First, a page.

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How a pair of 'middle school graduates' developed and sold their respiratory health tech company

The two college students built Spira, a no-code back-end tool for creating smart intake forms that was acquired by Galileo Health in April.

When Seattle natives Nikolas Ioannou and Sage Khanuja met at an early entrance program for the University of Washington after dropping out of high school after 10th grade, they quickly bonded over their interest in health and technology.

Both come from families with a background in health, and both came to UW to study computer science. Right away, the two began brainstorming ideas for a joint venture.

“So that’s how we sort of got interested in health in the first place,” Ioannou told MobiHealthNews. “But then, as we started to see, just looking over my dad’s shoulder, a lot of the existing health tech solutions out there right now are very antiquated, and can be greatly improved on. And so we really saw a good opportunity to do that ourselves.”


The two didn’t set out to build a full-blown company. They were trying to address a pain point they saw for patients with respiratory conditions: There was a lack of pre-appointment screening, causing the actual visit to be disjointed.

“We started off tackling this very narrow challenge of respiratory diseases, because there are a lot of people with respiratory diseases, and, especially in telemedicine, it’s one of the most inefficient pathways to go, because you go, and how much can your doctor do without getting actual good information?” Khanuja wondered in speaking with MobiHealthNews.

Starting there, they created the first iteration of Spira – derived from "respiratory" – that screened patients for breathing problems.

But knowing the costs, the research and development needs, and the regulatory processes involved in creating a medical device, the two college students decided to pivot Spira’s function. Now, Spira is a back-end no-code tool for creating smart forms that gather clinical information for a personalized intake and post-visit experience.

“We were like, ‘Hey we think this respiratory tool has a lot of value, but what could potentially have more value and faster value is this back-end tool which can be used by others to create these different smart forms,’” Khanuja said.

This approach suited them better because, as college students, the two didn’t necessarily have the credentials or resources at the time to take the medical-device route.

“But really, just starting an Internet business, you know, if you’re a developer or programmer, or product person, there’s a very low barrier to entry these days,” Khanuja said.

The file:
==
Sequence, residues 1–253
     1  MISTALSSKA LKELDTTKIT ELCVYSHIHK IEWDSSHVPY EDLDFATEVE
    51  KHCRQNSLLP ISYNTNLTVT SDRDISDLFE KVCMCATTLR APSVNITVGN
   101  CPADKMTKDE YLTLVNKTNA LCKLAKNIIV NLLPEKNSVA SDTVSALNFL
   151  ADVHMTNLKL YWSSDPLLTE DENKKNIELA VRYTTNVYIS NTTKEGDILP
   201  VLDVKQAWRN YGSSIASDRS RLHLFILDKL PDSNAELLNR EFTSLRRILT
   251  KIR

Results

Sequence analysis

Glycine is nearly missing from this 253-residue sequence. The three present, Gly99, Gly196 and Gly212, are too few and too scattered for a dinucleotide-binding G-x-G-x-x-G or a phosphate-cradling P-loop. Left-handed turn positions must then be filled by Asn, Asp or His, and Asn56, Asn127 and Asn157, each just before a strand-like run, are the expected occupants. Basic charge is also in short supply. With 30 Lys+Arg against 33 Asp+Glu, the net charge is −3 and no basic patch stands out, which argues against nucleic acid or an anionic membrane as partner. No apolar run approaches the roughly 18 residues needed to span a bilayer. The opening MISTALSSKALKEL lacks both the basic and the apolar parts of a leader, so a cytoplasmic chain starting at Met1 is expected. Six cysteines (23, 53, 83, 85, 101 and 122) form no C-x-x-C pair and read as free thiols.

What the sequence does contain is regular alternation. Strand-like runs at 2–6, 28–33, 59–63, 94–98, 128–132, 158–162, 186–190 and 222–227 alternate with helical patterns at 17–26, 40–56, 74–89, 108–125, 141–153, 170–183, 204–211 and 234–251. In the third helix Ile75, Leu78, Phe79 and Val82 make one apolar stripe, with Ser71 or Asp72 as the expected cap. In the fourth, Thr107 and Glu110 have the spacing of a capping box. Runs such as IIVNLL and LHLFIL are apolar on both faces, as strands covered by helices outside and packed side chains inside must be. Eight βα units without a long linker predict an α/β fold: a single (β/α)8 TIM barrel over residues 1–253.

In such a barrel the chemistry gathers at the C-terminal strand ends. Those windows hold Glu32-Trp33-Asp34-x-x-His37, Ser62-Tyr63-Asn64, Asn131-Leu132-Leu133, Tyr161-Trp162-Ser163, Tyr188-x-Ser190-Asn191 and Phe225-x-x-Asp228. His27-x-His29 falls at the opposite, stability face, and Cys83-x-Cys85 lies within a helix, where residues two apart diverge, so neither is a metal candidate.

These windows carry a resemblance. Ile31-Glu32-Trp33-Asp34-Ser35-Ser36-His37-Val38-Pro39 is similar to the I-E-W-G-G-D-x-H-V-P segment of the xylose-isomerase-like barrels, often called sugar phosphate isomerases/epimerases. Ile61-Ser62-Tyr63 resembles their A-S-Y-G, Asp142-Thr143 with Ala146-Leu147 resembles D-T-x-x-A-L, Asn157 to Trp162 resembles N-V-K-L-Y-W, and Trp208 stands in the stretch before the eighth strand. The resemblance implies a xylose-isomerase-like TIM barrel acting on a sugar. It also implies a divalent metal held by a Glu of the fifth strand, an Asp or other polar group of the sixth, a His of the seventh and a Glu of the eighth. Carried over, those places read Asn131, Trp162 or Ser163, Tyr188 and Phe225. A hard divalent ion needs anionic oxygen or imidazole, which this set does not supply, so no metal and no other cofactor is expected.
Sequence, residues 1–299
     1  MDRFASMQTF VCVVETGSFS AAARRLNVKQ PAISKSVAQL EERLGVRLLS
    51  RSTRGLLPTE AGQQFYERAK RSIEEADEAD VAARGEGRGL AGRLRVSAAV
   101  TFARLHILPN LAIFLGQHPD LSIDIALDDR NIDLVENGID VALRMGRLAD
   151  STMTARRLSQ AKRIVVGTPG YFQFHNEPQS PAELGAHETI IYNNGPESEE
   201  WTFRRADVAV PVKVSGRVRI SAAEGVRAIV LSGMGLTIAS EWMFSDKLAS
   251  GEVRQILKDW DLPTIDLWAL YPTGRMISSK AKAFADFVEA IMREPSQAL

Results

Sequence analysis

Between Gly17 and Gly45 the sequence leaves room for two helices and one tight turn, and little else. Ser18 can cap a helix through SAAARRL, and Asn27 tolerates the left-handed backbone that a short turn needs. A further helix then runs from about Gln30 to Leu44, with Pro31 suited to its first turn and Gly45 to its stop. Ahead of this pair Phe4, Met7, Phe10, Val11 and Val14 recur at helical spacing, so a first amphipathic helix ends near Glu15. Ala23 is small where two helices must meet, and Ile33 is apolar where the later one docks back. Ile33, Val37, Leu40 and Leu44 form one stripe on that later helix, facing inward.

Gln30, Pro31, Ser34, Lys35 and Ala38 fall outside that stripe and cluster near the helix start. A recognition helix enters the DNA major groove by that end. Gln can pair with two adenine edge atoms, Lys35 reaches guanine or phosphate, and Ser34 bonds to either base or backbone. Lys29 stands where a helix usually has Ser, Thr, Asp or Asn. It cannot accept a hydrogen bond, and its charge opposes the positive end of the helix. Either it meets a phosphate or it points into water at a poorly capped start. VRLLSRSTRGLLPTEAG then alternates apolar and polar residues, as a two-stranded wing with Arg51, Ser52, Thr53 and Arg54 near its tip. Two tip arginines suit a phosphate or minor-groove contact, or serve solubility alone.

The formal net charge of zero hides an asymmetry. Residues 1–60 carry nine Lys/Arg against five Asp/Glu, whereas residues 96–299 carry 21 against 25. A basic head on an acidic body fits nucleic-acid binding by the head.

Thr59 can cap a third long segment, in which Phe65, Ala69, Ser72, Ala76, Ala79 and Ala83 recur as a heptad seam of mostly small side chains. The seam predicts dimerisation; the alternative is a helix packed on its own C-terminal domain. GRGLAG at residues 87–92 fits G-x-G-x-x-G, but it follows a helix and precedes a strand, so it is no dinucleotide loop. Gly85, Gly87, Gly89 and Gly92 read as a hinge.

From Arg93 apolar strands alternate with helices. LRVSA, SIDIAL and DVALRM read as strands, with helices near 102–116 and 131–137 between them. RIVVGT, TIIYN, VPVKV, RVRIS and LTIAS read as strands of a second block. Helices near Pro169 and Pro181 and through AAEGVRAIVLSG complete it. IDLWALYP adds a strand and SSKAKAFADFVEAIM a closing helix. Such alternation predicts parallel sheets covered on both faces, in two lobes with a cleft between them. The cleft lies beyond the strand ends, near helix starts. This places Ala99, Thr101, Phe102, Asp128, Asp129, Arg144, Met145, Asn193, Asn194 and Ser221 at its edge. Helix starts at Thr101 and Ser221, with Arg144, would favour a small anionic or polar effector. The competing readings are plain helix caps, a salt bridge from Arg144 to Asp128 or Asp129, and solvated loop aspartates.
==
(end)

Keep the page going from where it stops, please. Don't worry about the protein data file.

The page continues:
“We’re students, so we had all these different Cloud credits, and we obviously didn’t pay ourselves, so we were just grinding and hustling on the product and coding side. And then there are various small things, like we got a couple of non-dilutive grants, which just covered the small things. But it wasn’t anything substantial.”


After fully developing Spira, Ioannou and Khanuja began seeking meetings with potential customers – a challenge in and of itself for the self-proclaimed middle school graduates.

“From the outside in, it might just look impossible, but the key is just getting the meeting, and then from there it’s up to you to prove yourself,” Khanuja said. “And a lot of people are very supportive of the fact that you’re young. But then, if you can show depth, then they’re impressed, and they’re even willing to help you even more – and like brainstorming and stuff like that.”

But what surprised them even more than getting these meetings was when some potential customers expressed interest in fully integrating Spira into their own platforms.

One interested buyer was Dr. Thomas Lee, founder of Epocrates, a medical reference app, and after him appeared One Medical, a membership-based primary care provider, and then the founder and CEO of Galileo, a virtual healthcare company.

Once the two met with Lee and discussed their shared vision for the future of healthcare delivery, they knew what to do.

“Go to market in health is already very, very challenging,” Ioannou said. “And so one of the reasons we opted to get acquired in the first place is that, building out a large patient-base and agreements with large health systems, it’s a very challenging thing to do, especially at our age. And a lot of the time you need to be very connected … And so, the reason we opted to get acquired was to build off another company’s existing patient base and connections, so that our tool can have the most impact.”

Galileo acquired Spira in April for an undisclosed sum. Ioannou and Khanuja are now working full-time with Lee to integrate the Spira technology into Galileo’s on-demand telehealth platform.

“With any integration, there are always different kinds of nuances that are part of it, but … with Spira, it’s not like we’re going to integrate and just be done with it, right?” Khanuja said.

“There’s a lot of potential to actually build upon what we were building, because they have a lot of patients, they have a lot of data. So it’s never going to be a static thing, where it’s like we integrate and we’re done. It’s going to be a dynamic process, where we are continuing to innovate over time.”

For now, the two are taking a break from school as they learn real-world skills they hope they can take into their next venture.

“At heart, we’re entrepreneurs,” Khanuja said. “So it’s not a question of if, but when. But for right now, our 100% focus is just how do we make the most impact during our time at Galileo, and just going heads-down there. We’ve enjoyed every day that we’ve been there, and we’re excited for the many weeks and months – and time to come.”


  • Seattle, WA, USA
  • Sage Khanuja and Nikolas Ioannou